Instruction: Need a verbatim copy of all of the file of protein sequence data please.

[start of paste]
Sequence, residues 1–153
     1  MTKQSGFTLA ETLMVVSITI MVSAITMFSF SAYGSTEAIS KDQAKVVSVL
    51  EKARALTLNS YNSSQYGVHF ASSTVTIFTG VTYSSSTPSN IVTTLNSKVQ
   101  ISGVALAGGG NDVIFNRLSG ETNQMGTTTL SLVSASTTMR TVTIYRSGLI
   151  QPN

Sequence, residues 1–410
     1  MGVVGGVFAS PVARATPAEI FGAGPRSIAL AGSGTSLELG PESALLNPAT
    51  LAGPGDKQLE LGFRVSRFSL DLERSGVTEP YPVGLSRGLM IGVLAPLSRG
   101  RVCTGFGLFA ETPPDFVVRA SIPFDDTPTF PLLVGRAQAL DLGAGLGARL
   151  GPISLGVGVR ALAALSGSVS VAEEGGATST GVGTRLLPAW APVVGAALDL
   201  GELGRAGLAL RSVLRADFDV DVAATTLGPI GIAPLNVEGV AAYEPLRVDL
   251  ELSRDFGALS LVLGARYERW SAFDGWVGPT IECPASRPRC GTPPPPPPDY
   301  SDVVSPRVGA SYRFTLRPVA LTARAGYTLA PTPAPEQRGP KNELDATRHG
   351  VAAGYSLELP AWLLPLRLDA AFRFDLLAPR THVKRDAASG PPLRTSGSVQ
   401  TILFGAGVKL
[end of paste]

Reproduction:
Sequence, residues 1–153
     1  MTKQSGFTLA ETLMVVSITI MVSAITMFSF SAYGSTEAIS KDQAKVVSVL
    51  EKARALTLNS YNSSQYGVHF ASSTVTIFTG VTYSSSTPSN IVTTLNSKVQ
   101  ISGVALAGGG NDVIFNRLSG ETNQMGTTTL SLVSASTTMR TVTIYRSGLI
   151  QPN

Sequence, residues 1–410
     1  MGVVGGVFAS PVARATPAEI FGAGPRSIAL AGSGTSLELG PESALLNPAT
    51  LAGPGDKQLE LGFRVSRFSL DLERSGVTEP YPVGLSRGLM IGVLAPLSRG
   101  RVCTGFGLFA ETPPDFVVRA SIPFDDTPTF PLLVGRAQAL DLGAGLGARL
   151  GPISLGVGVR ALAALSGSVS VAEEGGATST GVGTRLLPAW APVVGAALDL
   201  GELGRAGLAL RSVLRADFDV DVAATTLGPI GIAPLNVEGV AAYEPLRVDL
   251  ELSRDFGALS LVLGARYERW SAFDGWVGPT IECPASRPRC GTPPPPPPDY
   301  SDVVSPRVGA SYRFTLRPVA LTARAGYTLA PTPAPEQRGP KNELDATRHG
   351  VAAGYSLELP AWLLPLRLDA AFRFDLLAPR THVKRDAASG PPLRTSGSVQ
   401  TILFGAGVKL